A split 2-1 panel of the N.C. Court of Appeals has thrown out a case involving the proposed use of Yadkin River dams. The same dams once generated a long-running legal dispute involving state government.

A company called Cube Yadkin Generation now owns the four dams and “hydroelectric generation facilities” near Badin. The company operates under a federal permit. It is exempt from state regulation as a public utility.

But plans to use some of Cube’s hydroelectric power for the nearby Badin Business Park led to a legal dispute. In 2019 Cube sought a declaration from the N.C. Utilities Commission. The company wanted to ensure that buying business park property and providing its tenants with electricity would not trigger additional regulation.

The commission’s Public Staff “expressed their support” for Cube’s plan, according to the Court of Appeals’ majority opinion. But Duke Energy objected, and the Utilities Commission ruled against Cube in September 2019.

Now the Appeals Court has tossed out the case. “Cube has shown no evidence that it owns the legal right to lease the real property required to fulfill its Proposed Plan, has shown no evidence that it would be able to acquire that real property, and has presented only encouraging affirmations from potential tenants,” wrote Judge Jefferson Griffin.

Without moving forward with its plans, Cube has no “justiciable controversy,” Griffin wrote. That means there’s no legal dispute for courts to resolve.

“Put another way, there is no certainty that Cube’s position is actually adversarial to Duke’s exclusive franchise service rights,” Griffin wrote. “Cube claims to have a roster of signable players and assuredly possesses the basketballs, the jerseys, and an itch to blow that first whistle, but will never be allowed to play against Duke if the arena owner refuses to allow Cube on the court.”

The decision vacates the Utilities Commission order that was based on Cube’s initial proposal.

The case involves four dams that once pitted N.C. state government against previous owner Alcoa in court for almost eight years. Carolina Journal last reported on the controversy in 2015, when state regulators “issued a water quality permit to Alcoa, one of the final impediments preventing the company from receiving a new license from the Federal Energy Regulatory Commission to continue operating the dams, known collectively as the Yadkin Project. In recent weeks, the state had lost rulings in state Superior Court and U.S. District Court over the relicensing process.”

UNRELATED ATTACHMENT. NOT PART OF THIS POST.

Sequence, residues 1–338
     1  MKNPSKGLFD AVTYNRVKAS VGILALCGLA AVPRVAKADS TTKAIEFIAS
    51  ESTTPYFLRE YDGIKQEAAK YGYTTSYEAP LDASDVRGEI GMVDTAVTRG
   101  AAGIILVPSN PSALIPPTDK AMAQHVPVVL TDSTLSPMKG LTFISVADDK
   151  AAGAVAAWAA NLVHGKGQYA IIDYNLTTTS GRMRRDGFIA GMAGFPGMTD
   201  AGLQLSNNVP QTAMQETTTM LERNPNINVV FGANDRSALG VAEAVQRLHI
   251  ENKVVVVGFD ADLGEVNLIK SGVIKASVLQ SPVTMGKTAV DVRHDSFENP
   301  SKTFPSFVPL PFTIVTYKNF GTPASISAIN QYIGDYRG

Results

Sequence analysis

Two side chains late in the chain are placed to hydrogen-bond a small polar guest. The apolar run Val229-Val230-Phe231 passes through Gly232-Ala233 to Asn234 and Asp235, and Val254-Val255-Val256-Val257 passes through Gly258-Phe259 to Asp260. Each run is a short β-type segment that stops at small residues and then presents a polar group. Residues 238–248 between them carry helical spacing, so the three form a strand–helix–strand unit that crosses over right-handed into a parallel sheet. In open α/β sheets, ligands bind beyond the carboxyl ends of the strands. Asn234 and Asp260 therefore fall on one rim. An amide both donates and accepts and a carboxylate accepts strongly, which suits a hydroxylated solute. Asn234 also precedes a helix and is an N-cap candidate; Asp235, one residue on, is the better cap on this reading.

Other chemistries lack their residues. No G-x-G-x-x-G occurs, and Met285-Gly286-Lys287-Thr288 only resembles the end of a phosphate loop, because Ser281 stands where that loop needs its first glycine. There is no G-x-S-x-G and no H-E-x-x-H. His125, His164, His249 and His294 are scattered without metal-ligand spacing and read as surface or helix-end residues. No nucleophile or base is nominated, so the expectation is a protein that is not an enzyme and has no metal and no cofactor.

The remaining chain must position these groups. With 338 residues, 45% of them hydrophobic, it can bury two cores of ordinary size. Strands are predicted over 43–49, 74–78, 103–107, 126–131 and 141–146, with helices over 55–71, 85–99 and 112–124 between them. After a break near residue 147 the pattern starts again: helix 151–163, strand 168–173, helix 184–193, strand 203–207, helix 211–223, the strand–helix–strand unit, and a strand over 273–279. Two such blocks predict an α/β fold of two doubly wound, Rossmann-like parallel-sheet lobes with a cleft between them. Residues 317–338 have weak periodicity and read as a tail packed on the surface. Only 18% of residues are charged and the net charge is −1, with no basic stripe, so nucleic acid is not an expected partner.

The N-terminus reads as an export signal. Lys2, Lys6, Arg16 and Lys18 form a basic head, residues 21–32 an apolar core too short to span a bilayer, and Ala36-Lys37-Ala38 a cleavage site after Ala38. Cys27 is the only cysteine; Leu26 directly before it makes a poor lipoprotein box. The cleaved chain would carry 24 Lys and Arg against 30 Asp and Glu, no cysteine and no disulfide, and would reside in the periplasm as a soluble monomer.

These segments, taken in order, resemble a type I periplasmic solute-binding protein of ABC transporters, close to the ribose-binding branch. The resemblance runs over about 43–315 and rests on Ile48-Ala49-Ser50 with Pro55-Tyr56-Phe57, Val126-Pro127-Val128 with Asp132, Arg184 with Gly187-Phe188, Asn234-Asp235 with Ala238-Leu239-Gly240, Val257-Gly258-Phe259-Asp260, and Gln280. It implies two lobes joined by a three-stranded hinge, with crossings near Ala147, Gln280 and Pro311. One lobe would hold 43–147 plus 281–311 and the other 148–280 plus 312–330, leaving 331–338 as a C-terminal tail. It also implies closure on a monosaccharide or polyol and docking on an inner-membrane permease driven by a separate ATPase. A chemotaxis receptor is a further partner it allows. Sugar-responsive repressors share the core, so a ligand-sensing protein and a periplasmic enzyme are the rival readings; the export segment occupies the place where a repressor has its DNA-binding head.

Alcoa had operated the dams since 1917. Its federal license expired in 2008. The company then operated the dams under a temporary license. “It began the relicensing process in 2002, but in 2008 state officials began throwing obstacles in Alcoa’s way,” Carolina Journal reported. “Democratic Govs. Mike Easley and Bev Perdue and Republican Gov. Pat McCrory each have opposed the relicensing. They wanted the state to take over the dams and operate the hydroelectric facilities.”

Part of the problem stemmed from the fact that Alcoa continued to own and operate the dams, even after shutting down an aluminum smelting plant in Badin that had provided local jobs. Most of the operation shut down in 2002, with all production stopping in 2007.

The state’s decision to grant a water-quality permit in 2015 helped end the earlier legal controversy. Alcoa sold the dams to Cube Hydro Carolinas in February 2017.